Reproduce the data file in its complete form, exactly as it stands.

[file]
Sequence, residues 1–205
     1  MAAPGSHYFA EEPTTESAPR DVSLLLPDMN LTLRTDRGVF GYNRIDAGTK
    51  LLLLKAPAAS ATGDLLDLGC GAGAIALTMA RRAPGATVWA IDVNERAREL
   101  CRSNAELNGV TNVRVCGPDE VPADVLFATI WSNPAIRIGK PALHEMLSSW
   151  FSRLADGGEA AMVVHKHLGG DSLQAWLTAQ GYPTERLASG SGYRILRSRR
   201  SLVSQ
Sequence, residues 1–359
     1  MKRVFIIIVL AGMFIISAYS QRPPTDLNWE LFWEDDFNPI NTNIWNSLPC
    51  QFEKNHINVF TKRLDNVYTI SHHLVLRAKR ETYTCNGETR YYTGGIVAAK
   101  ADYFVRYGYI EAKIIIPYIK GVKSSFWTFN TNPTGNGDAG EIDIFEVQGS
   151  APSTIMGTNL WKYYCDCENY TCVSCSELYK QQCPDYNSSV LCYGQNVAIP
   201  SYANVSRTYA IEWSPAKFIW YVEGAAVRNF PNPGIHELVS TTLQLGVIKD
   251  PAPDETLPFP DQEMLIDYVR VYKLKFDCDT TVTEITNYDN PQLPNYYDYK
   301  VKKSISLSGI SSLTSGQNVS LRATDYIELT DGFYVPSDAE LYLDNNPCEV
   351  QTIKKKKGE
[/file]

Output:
Sequence, residues 1–205
     1  MAAPGSHYFA EEPTTESAPR DVSLLLPDMN LTLRTDRGVF GYNRIDAGTK
    51  LLLLKAPAAS ATGDLLDLGC GAGAIALTMA RRAPGATVWA IDVNERAREL
   101  CRSNAELNGV TNVRVCGPDE VPADVLFATI WSNPAIRIGK PALHEMLSSW
   151  FSRLADGGEA AMVVHKHLGG DSLQAWLTAQ GYPTERLASG SGYRILRSRR
   201  SLVSQ
Sequence, residues 1–359
     1  MKRVFIIIVL AGMFIISAYS QRPPTDLNWE LFWEDDFNPI NTNIWNSLPC
    51  QFEKNHINVF TKRLDNVYTI SHHLVLRAKR ETYTCNGETR YYTGGIVAAK
   101  ADYFVRYGYI EAKIIIPYIK GVKSSFWTFN TNPTGNGDAG EIDIFEVQGS
   151  APSTIMGTNL WKYYCDCENY TCVSCSELYK QQCPDYNSSV LCYGQNVAIP
   201  SYANVSRTYA IEWSPAKFIW YVEGAAVRNF PNPGIHELVS TTLQLGVIKD
   251  PAPDETLPFP DQEMLIDYVR VYKLKFDCDT TVTEITNYDN PQLPNYYDYK
   301  VKKSISLSGI SSLTSGQNVS LRATDYIELT DGFYVPSDAE LYLDNNPCEV
   351  QTIKKKKGE